Speaking to Jam-News on 19 January, Azerbaijani Political Scientist Farhad Mammadov was even more blunt.
“[…] if Baku feels a threat from Armenia, it will not stop and will launch another preemptive strike on the territory of Armenia,” he told the Tbilisi-based online news outlet. “And no EU missions with flags will be an obstacle.”

Despite these concerns, however, Josep Borrell, the High Representative for Foreign Affairs and Security Policy, had already stressed that EUMA’s main objective will be to “contribute to the mediation efforts in the framework of the [peace] process led by President of the European Council, Charles Michel.” Given the fragile and often volatile nature of Armenia-Azerbaijan relations, such a clear statement of intent was both important and necessary.

Regardless, the 23 January FAC decision anyway appeared to be simply a matter a formality. On 4 January, the European External Action Service (EEAS) had already started to recruit staff from EU member countries for EUMA with a deadline of 19 January. The mission will last two years and will employ up to 100 personnel.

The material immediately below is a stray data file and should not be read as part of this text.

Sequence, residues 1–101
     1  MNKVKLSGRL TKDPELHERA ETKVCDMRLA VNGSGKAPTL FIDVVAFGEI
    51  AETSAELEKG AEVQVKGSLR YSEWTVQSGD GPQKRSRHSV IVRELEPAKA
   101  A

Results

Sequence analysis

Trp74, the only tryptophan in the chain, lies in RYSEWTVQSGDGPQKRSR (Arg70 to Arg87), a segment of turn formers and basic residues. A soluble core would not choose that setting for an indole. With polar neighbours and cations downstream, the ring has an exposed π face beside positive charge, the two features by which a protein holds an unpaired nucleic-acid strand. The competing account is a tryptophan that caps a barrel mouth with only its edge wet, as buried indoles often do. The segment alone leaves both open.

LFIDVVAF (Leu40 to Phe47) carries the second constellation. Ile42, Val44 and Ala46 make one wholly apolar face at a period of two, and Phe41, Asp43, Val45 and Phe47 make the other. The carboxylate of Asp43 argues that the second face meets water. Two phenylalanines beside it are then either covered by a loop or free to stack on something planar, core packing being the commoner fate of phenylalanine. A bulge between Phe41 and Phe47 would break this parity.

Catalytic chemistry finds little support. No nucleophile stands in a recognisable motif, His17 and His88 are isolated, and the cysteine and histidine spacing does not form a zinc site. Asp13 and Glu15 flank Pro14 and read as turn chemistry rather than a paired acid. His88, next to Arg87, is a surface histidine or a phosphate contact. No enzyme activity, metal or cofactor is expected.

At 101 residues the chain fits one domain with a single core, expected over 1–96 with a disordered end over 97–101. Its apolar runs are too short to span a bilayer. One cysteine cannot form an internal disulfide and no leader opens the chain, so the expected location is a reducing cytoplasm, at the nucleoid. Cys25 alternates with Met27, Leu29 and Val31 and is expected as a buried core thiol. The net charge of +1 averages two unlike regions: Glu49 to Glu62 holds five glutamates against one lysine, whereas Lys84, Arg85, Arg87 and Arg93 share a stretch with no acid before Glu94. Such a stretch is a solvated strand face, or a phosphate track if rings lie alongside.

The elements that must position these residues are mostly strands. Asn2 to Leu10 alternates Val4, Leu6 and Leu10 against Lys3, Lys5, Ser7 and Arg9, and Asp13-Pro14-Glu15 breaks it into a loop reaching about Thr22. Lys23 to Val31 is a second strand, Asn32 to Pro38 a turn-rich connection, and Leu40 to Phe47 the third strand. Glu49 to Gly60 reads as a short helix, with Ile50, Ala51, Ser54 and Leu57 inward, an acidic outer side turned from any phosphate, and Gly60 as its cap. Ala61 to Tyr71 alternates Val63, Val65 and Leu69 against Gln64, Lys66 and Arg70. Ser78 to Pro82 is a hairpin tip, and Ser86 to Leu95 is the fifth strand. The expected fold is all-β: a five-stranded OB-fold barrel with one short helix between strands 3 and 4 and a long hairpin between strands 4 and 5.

The European Union Monitoring Mission (EUMM) in neighbouring Georgia, incidentally, employs 200 and has been operating on renewable two-year cycles since late 2008.

More interestingly, until an EUMA Head of Mission is selected, the mission will be led by Stefano Tomat, a senior official with the European Union External Action Service (EEAS). In a piece published by EEAS earlier this month, Tomat also alluded to the EU’s interest in CSDP missions as a geopolitical strategy.

“New missions on our Eastern flank are already under consideration,” Tomat wrote, in what some insiders believe refers to Armenia and Moldova. “We can also expect that EU civilian missions will increase cooperation with their military counterparts in EU military missions and operations as well as with EU justice and […] the EU Border and Coastguard Force.”